Brand. It’s All Global, Isn’t It?

Brand is such a far reaching term, and its meaning has evolved dramatically over the past decades. Years ago, brand most likely referred to the logo or identifier a company used to distinguish itself in the marketplace, plain and simple. But when consumers began seeing more brands in more marketing venues in similar categories, brand really focused on features and top-of-mind awareness. Then we entered the benefits phase, where brands fought for shelf space and mind share by extolling their benefits and overtly or covertly exposing a competitor’s weakness. Brand battles emerged. Marketing wars ensued. Branding became blood sport, and consumers were the innocent bystanders, caught up in the confusion and cajoling.

Not to sound elementary, but with the advent of the internet and the online space, brand, brands, and branding changed forever. Brand was not just a name; it became an experience. Brands were no longer foisted on consumers, as they had to fight across multiple sales, distribution, and communications channels and compete for their lives with a much more discerning consumer public who was in control like never before. Branding evolved to new heights with technology, customer insights, behaviors, innovation, content opportunities and endless consumer touch points.

So what does my attempt at distilling the history of brand, brands and branding into a few paragraphs have to do with global brand? In my opinion, it has everything to do with global brand. Here’s why. I offer that any brand in today’s internet-fueled, mobile-accessed, instant-gratification world is global—even if it’s not on the internet. Today, consumers judge brands on their last brand experience irrespective of where the brand interaction takes place, whether in person, on a smart phone or a PC.

Here’s my personal example of how a local brand and my experience makes it global. I love peppermint coffee. Weird, but I do. Local grocery stores and even specialty foods/coffee houses in my hometown of Bloomington, Illinois offer it only during the holiday season and even then in limited quantities. It sells quickly. If I don’t get there early, it’s gone—and I like peppermint coffee every day. I drink at least four cups daily which means I was running out by mid-year, if not earlier. I had to do something.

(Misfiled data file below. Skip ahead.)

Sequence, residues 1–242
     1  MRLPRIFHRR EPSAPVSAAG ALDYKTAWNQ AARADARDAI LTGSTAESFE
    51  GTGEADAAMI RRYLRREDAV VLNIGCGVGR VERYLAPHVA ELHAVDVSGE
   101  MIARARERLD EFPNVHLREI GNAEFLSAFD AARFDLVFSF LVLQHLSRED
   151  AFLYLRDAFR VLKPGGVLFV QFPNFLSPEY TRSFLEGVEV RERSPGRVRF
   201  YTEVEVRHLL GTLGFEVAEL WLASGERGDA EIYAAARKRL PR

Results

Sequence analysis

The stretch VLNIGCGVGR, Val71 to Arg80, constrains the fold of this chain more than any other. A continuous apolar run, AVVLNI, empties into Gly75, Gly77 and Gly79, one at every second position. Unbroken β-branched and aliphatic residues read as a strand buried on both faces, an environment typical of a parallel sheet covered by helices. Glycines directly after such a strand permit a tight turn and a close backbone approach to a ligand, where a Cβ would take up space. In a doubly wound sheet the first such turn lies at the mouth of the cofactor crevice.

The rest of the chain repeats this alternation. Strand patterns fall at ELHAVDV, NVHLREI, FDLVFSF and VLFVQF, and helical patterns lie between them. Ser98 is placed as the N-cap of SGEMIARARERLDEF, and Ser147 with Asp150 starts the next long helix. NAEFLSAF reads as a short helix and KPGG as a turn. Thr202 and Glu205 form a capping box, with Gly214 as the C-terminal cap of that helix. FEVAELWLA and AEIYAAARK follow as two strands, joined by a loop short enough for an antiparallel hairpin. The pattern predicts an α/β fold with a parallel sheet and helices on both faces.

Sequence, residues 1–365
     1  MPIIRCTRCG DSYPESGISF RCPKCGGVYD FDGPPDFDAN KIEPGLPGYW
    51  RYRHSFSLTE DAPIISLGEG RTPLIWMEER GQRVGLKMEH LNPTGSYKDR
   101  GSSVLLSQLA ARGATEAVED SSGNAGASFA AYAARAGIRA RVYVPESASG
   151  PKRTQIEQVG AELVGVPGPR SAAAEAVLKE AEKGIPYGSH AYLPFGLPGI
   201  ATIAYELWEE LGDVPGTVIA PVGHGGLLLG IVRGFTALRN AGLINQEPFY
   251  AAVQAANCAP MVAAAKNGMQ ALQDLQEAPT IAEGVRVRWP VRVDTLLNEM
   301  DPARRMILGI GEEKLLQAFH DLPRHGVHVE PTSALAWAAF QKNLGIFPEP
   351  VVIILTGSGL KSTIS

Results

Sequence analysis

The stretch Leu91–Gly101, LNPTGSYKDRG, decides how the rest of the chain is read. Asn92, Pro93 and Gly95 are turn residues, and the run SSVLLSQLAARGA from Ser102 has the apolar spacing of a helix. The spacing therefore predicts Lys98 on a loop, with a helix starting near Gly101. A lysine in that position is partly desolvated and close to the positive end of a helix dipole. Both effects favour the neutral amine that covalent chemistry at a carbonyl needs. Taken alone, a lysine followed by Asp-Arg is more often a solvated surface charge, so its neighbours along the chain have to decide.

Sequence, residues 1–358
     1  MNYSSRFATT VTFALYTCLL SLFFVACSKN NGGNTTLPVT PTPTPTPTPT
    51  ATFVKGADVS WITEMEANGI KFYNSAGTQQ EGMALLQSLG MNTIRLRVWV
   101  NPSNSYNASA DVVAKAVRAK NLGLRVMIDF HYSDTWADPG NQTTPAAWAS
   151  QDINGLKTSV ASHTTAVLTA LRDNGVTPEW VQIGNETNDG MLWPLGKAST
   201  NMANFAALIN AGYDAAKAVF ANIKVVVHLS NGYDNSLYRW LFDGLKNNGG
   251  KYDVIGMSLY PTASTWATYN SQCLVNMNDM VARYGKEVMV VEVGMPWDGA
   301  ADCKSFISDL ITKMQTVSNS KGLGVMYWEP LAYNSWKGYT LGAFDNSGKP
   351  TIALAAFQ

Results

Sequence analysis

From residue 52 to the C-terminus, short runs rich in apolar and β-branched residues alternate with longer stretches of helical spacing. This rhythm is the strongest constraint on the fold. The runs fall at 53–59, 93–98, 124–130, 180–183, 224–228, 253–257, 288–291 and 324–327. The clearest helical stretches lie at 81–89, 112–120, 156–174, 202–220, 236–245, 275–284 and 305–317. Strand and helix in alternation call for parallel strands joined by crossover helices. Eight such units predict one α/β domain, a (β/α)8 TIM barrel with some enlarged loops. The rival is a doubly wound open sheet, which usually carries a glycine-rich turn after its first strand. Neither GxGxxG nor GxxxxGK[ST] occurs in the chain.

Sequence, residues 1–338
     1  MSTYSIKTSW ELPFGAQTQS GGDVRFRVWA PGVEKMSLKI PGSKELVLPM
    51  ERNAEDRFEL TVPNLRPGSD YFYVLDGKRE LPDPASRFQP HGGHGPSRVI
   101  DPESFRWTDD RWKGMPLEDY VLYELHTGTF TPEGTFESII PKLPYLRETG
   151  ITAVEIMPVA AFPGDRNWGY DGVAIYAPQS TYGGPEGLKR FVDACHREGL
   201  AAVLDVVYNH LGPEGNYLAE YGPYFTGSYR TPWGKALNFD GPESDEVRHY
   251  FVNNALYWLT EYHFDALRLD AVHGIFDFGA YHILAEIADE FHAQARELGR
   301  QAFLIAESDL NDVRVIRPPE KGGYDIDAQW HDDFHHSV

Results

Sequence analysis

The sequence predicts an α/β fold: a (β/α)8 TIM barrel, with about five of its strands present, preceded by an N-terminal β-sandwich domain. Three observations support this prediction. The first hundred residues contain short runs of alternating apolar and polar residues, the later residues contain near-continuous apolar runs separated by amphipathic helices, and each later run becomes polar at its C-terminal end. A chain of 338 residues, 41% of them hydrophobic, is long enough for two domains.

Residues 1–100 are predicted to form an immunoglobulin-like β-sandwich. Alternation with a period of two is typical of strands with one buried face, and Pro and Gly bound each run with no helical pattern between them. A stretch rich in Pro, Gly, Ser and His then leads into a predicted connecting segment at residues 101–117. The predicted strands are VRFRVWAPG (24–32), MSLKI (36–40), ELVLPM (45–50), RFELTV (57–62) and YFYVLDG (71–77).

I shopped online and looked beyond the border of central Illinois, and in less than three minutes, found a great source in Georgia where I can get five pounds at a time shipped to my home, with the click of a button from over 550 miles away. My peppermint coffee comes to me, I am happy (as is my wife, who is no longer on a never-ending run to the store) and I have it year round, never to run out again. The small store from where it comes in Georgia may be local to the residents there, but it’s a global brand to me—which in turn makes it local and personal and highly relevant.

This month at IHAF, we are focusing on Global Brand as a topic. I would suggest to you whether your company operates in a city, state, region, or single country that your brand (every brand, in fact) is global because customers don’t put boundaries on brands or experiences. Only brands do.

How does your brand fare in this broader, non-geographic sense? Please share how your brand is meeting global demand as we kick off our conversation at IHAF this month.

Mark Gibson is Assistant Vice President of Creative Services at State Farm, overseeing a 180-person in-house agency for the nation’s largest insurer of homes and cars.

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